10 embedded within the business objectives or profit distribution. With this in mind, the social franchising model is often used in two different ways: a social enterprise franchising their business model to another organisation; and a social enterprise purchasing a commercial franchise, and using this to deliver social or environmental objectives, for example employing people who are long term unemployed. 4 In comparison with these definitions, which focus essentially on the contractual relationships between different entities, our research respondents views of social franchising focused more on the principles behind it, incorporating three key elements: 1. the act of transferring a successful social enterprise delivery model into another context (whether a locality or another organisation); 2. enabling other parties to use this model, with a detailed operations manual ( business in a box ); and 3. a belief in local people being best placed and trusted to deliver a local service. Licensing agreement: an agreement between a parent organisation and a partner. This is similar to a franchise in that it involves the replication of a business within certain parameters. However, license agreements entail fewer obligations on the part of the licensee. Social licensing: the replication of a business within certain parameters, as with social franchising. However, social licensing agreements are primarily based on social objectives and values, with the parent social enterprise still defining the ethos and activities its licensees need to follow, but with fewer prescribed boundaries than social franchising. Research respondents tended to understand social licensing as an agreement whereby another individual or organisation could use the original social enterprise s brand (logo) and receive support in the form of marketing and training, but in a fairly hands-off way based more on trust. Social licensing was also seen to entail greater flexibility to local context and population than social franchising. Collaboration/partnership agreement: an arrangement where two or more organisations pool resources (usually complementary) to achieve a specific task. Amongst the organisations interviewed, the instigating organisation typically partners with another to deliver a particular activity or service (usually for a discrete period) and enables them to use their logo, as well as offering training and support where necessary. The partnered organisation is then marked as working in association with them and may either primarily use their own existing infrastructure, resources and processes (e.g. marketing) to actually deliver the activity, or pool these with the instigating organisation, depending on the initial agreement. 4 CEiS (2008) Social Enterprise Business Models: An Introduction to Replication and Franchising. 10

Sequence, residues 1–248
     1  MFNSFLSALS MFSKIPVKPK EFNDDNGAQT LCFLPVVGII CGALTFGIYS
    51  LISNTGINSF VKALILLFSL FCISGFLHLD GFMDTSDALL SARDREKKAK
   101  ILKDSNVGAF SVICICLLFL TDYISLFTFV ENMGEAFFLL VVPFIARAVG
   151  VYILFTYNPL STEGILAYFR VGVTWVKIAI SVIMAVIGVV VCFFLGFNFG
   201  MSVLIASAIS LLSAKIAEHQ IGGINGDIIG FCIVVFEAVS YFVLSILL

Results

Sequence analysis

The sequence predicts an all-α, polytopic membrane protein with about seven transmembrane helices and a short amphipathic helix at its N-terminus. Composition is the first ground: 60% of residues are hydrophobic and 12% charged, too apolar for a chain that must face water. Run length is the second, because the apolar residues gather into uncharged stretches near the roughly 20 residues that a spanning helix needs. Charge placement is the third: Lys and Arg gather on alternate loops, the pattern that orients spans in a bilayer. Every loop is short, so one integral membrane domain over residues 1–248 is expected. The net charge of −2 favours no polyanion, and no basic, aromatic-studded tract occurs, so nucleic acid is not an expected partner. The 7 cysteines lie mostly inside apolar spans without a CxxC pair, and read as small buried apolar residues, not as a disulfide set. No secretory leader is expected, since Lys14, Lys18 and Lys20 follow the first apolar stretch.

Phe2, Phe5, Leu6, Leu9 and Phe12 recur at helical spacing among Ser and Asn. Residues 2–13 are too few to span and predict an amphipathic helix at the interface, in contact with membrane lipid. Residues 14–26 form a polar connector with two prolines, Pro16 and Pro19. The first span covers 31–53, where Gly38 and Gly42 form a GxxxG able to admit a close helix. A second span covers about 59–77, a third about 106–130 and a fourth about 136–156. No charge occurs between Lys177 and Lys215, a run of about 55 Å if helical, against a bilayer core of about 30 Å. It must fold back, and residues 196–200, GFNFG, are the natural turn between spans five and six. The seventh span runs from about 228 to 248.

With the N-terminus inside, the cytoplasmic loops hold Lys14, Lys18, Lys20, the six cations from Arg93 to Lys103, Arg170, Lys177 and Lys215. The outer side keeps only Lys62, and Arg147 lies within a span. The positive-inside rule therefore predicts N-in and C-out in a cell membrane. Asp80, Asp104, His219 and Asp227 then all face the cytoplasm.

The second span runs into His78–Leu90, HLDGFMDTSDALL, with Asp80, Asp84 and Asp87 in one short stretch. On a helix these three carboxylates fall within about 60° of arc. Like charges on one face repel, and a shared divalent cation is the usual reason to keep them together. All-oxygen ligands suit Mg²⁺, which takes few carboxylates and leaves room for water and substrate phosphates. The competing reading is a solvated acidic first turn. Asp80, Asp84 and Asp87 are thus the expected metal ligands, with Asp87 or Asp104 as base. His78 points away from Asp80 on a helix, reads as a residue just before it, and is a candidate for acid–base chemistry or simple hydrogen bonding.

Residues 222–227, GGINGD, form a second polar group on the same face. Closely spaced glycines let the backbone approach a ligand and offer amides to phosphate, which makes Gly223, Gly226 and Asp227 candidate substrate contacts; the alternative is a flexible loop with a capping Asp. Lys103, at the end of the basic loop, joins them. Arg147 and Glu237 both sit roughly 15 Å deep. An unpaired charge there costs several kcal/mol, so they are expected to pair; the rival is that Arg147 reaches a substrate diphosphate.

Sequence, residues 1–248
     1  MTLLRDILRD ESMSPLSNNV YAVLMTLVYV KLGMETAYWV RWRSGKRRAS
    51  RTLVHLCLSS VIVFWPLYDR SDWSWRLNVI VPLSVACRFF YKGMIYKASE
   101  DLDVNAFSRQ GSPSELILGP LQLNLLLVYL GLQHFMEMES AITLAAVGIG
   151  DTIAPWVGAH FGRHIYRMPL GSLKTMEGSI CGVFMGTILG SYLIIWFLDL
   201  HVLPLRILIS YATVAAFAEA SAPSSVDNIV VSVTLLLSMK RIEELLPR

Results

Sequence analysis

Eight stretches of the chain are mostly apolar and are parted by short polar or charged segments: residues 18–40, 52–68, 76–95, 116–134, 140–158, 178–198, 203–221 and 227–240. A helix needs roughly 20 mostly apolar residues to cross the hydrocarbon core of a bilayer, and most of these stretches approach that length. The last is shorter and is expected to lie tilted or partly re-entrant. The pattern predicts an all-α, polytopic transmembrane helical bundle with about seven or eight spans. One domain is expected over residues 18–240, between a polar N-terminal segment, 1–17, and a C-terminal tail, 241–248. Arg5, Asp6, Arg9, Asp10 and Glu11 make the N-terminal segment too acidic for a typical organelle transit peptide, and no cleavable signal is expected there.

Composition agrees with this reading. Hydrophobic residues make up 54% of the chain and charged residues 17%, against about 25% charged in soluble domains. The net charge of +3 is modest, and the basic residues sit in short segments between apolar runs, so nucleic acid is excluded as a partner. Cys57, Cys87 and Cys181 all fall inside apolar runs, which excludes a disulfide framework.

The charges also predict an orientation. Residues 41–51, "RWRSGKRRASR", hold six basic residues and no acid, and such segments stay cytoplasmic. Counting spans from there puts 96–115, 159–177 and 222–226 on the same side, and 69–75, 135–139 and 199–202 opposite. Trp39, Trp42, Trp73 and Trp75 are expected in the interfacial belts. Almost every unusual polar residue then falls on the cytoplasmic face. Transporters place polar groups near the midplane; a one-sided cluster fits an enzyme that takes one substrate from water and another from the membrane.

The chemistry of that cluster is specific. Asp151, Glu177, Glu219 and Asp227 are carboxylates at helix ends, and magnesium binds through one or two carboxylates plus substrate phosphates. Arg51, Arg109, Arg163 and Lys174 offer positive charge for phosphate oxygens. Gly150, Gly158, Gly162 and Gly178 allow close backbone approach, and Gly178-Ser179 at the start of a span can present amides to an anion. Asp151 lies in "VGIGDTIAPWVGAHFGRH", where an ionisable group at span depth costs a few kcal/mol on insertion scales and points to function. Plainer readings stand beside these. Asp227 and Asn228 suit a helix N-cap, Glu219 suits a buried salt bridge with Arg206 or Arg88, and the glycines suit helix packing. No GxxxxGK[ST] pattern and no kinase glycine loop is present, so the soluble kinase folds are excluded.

11 Debating the spectrum of replication Overall, the research revealed a dichotomy between what was considered to be more prescriptive franchising, and less prescriptive social licensing agreements and collaborations. A tension also appeared to exist between a commercial and social approach. Some respondents attempted to reconcile some of these tensions by aligning the appropriateness of different models of replication with the business model and social impact of the parent organisation. For example, where a more charity-derived trading arm was in discussion, social licensing was seen as the better option. Some respondents also felt that a social licence may be a more flexible option over franchising, suggesting the model lent itself better to swifter action in cases of non-compliance, as a licence is easier to revoke than a franchise agreement. Supporters of this view also added that a licence agreement could make it easier for the licensor to withdraw and leave the licensed organisation as a self-sustaining entity something which several respondents felt should be an aspiration of replication. By contrast, social enterprises looking to replicate in consumer and corporate markets were seen to need a sound commercial head and a business format-type franchise was therefore seen as best. Social franchisors argued that more prescriptive boundaries are necessary in order to protect the standards of a social enterprise and ensure the franchises abide by certain guidelines. Social franchising should use the same operational model as a commercial franchise, but with inherent social objectives. As one respondent summed up, social franchising is a systematisation and codification of tacit knowledge held within the organisation, so that the key features of the business model are made transparent and obvious and therefore deliverable by a third party. It was felt that when replicating through partnership or collaboration, the relationship between the two organisations was seen to be as critical as the business model alone. For example one proponent of collaboration felt this would ideally be carried out in association with another organisation that had broadly the same values as the parent organisation. In addition, using a partner organisation s existing infrastructure can build on collective strengths and enable the pooling of resources, while still having certain elements enforced by contract. On the basis of this discussion it could be argued that having clear-cut boundaries and definitions on the various models of social replication would be desirable, particularly given how much confusion exists over the different meanings, legalities and potential ramifications of replicating for the integrity of social enterprises brands. However, given that social replication is still in its early stages, it may be useful for these guidelines to remain fairly open to enable social enterprises to discover what works best for them. As a few respondents who had already licensed and franchised indicated, allowing for this openness had allowed them to adopt hybrid models which worked best for their specific circumstances. 11